Making pizza in a Trulli in Alberobello, Puglia, Italy.

Tips for a Successful Dinner Party Away

We’ve been doing a bit of entertaining the last few days at Lara’s uncle’s house in Bendigo culminating me cooking a five-course meal yesterday for some of our old friends. It got me thinking about entertaining when you’re on holidays, particularly if you’re staying in a home that’s not yours or a holiday rental

Some of the people who attended our Dubai Grantourismo soiree last year asked whether we had used caterers. They were obviously the ones who didn’t see the mess in kitchen! We didn’t, but we appreciated the compliment. At the London launch party, people asked whether we’d be hosting parties at each place we stayed on our travels. We were seriously thinking about it, and we did have a few dinner parties on the trip — in Ceret, Puglia, Sardinia, and Austin.

Many people who rent holiday homes do so with their family or a group of friends. While it’s fine to do pasta every day, it’s also great to make use of a good kitchen if the place has one and to have at least one serious meal during your stay. And it’s doesn’t have to be hard. We’ve always entertained and while I used to be really bad at balancing time spent in the kitchen and time with guests, I’m much better these days. It’s all about planning and selecting your dishes carefully.

One handy tool that will help you is an application I use called MacGourmet, which I use on both my MacBook Pro and my iPhone. I’ve been transferring recipes to it so I have all my favourites on my iPhone4 so that if I see some lovely fresh produce in a market on our travels, I can find a recipe and buy all the ingredients I need to make a dish. While it’s a slightly laborious process — I have recipes in Word files, Excel files, PDFs and web clippings! — it’s great to see some of the dishes I’ve been cooking over the past few years.

I thought I’d share one menu I came across in my recipe folder. It’s a slightly tongue-in-cheek degustation menu, playing up some Dubai chatter about me being a ‘chef’ while providing our guests with a New Year’s Eve souvenir. New Year’s Eve was always problematic in Dubai, as it is anywhere I guess, with different people going off to do different things (and spending far more than this dinner cost!), so that particular year we decided to host a dinner party.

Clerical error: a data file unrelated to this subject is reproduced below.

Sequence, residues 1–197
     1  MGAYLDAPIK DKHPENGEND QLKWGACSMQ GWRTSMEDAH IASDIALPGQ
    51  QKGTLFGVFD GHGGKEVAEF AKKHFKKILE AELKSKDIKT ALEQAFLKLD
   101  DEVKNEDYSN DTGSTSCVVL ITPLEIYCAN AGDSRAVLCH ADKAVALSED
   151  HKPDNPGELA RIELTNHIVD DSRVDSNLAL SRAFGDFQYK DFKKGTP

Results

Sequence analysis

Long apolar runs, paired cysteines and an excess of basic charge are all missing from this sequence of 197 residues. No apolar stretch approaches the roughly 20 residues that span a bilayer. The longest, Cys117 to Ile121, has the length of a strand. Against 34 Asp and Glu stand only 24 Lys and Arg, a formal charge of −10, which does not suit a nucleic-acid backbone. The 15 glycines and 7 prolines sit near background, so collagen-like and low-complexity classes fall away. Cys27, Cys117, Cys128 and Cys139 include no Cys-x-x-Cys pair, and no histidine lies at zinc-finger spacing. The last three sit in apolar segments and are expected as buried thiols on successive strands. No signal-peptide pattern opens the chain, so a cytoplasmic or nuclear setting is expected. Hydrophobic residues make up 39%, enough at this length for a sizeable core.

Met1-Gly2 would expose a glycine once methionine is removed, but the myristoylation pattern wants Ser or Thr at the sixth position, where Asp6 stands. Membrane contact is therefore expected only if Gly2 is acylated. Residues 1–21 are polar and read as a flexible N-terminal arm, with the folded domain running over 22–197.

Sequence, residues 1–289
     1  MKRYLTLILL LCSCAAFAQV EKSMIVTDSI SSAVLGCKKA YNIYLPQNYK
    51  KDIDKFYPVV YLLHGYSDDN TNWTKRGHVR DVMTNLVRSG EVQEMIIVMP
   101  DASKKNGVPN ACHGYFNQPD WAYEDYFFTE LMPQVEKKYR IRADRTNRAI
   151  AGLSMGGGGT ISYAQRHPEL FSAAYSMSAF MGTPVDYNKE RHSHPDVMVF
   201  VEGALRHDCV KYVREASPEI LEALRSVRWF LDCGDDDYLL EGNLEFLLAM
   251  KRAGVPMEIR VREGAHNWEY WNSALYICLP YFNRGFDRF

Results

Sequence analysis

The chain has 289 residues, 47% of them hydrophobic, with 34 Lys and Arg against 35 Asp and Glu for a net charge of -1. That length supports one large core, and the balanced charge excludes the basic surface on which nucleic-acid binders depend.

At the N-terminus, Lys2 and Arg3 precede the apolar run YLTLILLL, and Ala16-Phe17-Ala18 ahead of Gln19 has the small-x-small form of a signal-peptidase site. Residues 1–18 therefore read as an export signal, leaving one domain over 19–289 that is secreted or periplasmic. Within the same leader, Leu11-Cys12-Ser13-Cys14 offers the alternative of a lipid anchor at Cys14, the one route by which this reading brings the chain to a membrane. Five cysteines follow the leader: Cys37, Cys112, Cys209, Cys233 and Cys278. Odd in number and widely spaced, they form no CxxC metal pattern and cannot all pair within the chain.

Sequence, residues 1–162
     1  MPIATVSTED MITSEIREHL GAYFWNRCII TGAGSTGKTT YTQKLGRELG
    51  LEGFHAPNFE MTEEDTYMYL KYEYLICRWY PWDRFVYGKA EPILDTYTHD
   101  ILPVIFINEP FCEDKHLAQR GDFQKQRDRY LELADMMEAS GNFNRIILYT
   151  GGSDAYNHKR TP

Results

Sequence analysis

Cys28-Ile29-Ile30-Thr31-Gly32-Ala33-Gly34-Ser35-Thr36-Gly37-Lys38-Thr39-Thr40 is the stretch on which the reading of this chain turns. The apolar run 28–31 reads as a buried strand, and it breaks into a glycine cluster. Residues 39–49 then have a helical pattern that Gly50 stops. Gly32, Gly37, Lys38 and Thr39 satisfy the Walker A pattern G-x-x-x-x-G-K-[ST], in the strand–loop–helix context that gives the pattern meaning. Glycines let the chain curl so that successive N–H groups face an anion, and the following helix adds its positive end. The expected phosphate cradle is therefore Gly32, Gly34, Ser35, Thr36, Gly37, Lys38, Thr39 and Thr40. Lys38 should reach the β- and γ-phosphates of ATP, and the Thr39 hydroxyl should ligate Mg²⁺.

I love having dinner parties because I never play it safe and always push my cooking. Of course we’re always aware that you can spend too much time in the kitchen, so I used to plan and prep it like it a military operation. Here’s my New Year’s Eve menu from 2004:

Menu NYE 31.12.2004

‘Potato Chips’ with Truffle Dip

Parmigiano Reggiano Crisps with Goats Cheese Mousse

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Cold Soup of Cauliflower with French Crème and Sevruga Caviar

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Sea Scallops with Gnocchi, Burnt Butter and Pine Nuts

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Crisp Duck Confit with Warm Potato & Shallot Salad and Red Wine and Truffle Reduction

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Duo of Sorbets: Honey and Grapefruit, Lychee

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Selection of Cheeses

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Chefs and foodies know what’s going on here, but to others it might appear to be a daunting menu to attempt. But it’s not, so let’s break it down…

The first two ‘snacks’ can be a little tricky and require exacting prep — but they are from the French Laundry cookbook so you’d expect them to be a little complex. They went wonderfully with cocktails as they’re basically fancy chips with individual dips.